I was not feeling well last weekend so Christian and Raelee did the cooking for two days. She loves to cook, he not so much so I was very appreciative that he did it with her! Chicken strips and french fries – so good! (Even better when I don’t have to cook them!)

We have been having a “situation” with the parking ticket lady. Whenever you go to town, you have to pay for parking. This does not apply to the bank parking lot or the supermarket we go to that has their own parking lot. But, if you park anywhere else on the street you can expect to pay. It’s not much but, if you park on one side of the street, run in somewhere and then park across the street you will get to pay both times! In Jinja we buy a handful of little tickets at a time and give those out. I think much of the money gets pocketed because the ticket takers are all the time begging us to buy a handful more! So, we have in the past bought a monthly parking sticker for 30,000 shillings a month. (Parking one time is 3-4,000 shillings). But since March we have not bought parking stickers because 1) the truck hardly goes to town since we got the car and 2) since buying the car we hadn’t gone to town except to the bank. Then in May our car was wrecked. So why pay 60,000/mo for two vehicles that aren’t even going to town? Make sense to you? The parking sticker lady has called Christian about every other day for over a month now “demanding” we pay her for the missed months and get caught up. She put her supervisor on the phone the other day because they don’t think we are understanding what they are telling us! We understand. We understand that buying a monthly sticker is voluntary, we are under no obligation to buy one every month. We understand that now whoever gets the previously “owed” money will pocket it. So we were at the bank on Wednesday and the supervisor (do they have spies watching the bank?) came to the truck demanding the money we “owe”. Christian explained we are not paying money for something we haven’t used. We have not had the car for over a month, and the truck has only come to town three times in the past month. To the bank and the supermarket – no pay places. When someone here is not happy with what you are saying they either say “So what do we do now?” The supervisor kept saying “So, what is your decision?” This went on for ten minutes, he wasn’t happy with our decision and I guess thought he would change it if he just persisted. He even went so far as to say that because his people know we have a sticker each month that will confuse them and they won’t get money from us. THEY CAN’T ANYWAY…WE.HAVE.NOT.COME.TO.TOWN in three months! Chris stayed involved in the conversation a lot longer than I did! He asked the guy “If you weren’t using the sticker would you pay almost 200,000?” Finally, we told him that when the car is fixed we are going to get our monthly sticker again (even though we won’t need it) but we aren’t doing that for the truck since it will barely leave the property.) Appeased and I guess finally resigned to the fact we weren’t going to give him any money he finally left. We were waiting to meet someone at the bank, and no sooner had the supervisor left than the woman came to the door! Christian cut her off saying the supervisor had just left and we had talked to him about it but she still tried to go through the whole situation again. We told her we had to go and couldn’t sit and talk to her about it. When we get our car back we will pay for a sticker. It may not seem like a lot of money, but who would pay for something you aren’t going to use? And especially knowing that the “back payment” is only going in someone’s pocket? I have to say though, the lady has been pretty persistent in trying to threaten us!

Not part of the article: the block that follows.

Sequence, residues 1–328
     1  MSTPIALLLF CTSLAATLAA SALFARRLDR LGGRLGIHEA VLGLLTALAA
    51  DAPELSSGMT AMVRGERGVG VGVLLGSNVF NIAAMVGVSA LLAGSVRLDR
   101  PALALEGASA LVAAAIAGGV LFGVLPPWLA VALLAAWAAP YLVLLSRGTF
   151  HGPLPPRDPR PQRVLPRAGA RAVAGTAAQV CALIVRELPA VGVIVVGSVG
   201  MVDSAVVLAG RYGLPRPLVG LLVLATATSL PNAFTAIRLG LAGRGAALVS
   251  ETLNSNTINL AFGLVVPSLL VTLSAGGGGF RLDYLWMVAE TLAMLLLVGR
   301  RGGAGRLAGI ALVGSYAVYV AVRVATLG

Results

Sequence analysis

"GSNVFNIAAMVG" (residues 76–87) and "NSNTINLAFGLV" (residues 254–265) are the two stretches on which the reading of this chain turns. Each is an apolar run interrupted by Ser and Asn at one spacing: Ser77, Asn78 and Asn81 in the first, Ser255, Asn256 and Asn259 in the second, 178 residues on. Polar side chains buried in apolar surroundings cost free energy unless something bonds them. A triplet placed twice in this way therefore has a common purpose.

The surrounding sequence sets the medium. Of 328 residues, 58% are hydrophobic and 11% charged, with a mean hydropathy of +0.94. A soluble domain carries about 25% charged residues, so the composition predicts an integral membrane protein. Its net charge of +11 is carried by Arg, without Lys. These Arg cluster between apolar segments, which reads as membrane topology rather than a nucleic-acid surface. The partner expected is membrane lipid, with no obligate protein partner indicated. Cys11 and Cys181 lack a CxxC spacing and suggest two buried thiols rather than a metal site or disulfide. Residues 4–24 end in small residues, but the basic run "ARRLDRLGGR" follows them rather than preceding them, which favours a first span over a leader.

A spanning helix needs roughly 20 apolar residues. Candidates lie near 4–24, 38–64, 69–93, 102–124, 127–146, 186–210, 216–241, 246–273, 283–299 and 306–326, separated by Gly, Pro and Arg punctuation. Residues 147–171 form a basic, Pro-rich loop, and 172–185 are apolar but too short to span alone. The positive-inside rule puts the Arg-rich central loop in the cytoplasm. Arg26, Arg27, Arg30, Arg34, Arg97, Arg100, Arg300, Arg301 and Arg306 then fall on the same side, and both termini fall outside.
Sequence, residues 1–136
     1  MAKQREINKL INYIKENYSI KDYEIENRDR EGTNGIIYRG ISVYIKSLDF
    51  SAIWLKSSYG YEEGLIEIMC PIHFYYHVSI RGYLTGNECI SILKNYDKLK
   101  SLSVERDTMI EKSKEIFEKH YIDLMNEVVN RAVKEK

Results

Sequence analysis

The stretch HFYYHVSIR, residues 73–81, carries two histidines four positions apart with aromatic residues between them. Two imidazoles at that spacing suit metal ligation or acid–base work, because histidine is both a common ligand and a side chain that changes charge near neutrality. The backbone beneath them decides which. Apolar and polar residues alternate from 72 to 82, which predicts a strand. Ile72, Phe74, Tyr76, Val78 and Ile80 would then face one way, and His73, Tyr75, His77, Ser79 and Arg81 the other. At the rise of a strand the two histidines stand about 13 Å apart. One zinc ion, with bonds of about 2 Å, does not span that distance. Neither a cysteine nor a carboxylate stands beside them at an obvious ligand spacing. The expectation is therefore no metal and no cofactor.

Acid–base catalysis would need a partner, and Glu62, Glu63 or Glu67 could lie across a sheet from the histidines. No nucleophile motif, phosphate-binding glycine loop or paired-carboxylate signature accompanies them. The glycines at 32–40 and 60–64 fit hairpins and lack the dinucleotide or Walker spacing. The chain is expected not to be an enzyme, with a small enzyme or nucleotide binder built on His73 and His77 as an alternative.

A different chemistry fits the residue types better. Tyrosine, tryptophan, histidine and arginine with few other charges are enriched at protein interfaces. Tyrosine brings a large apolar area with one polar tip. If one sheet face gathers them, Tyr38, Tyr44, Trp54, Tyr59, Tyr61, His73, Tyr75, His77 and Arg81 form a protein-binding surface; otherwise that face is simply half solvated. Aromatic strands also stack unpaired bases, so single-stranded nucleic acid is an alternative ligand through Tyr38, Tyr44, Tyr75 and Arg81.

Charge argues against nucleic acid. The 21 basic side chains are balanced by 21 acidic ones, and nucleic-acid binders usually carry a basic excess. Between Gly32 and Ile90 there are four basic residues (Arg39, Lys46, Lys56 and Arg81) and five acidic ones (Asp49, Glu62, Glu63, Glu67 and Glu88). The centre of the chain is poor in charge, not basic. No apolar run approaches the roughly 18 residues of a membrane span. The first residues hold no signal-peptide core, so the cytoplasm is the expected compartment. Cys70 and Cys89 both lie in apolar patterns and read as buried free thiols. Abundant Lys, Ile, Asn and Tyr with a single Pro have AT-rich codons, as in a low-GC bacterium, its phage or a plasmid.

We are in Kampala getting some supplies and to finally sign insurance papers for the car. We got a quote from a shop other than Toyota (they wanted almost as much as we paid for the car to fix two doors!) and it is a little scary handing our car over to a garage here. We are praying the doors open and close and are the same color as the rest of the car. (You laugh but one or the other is so likely to happen!) We are praying that it is all fixed and ready to go before our mission team comes the first week of August. We are cutting it close! (They don’t have rental car companies here – actually they do have cars for “hire” but you may as well buy a car rather than pay that cost!)

Hope you have had a good week and happy holiday!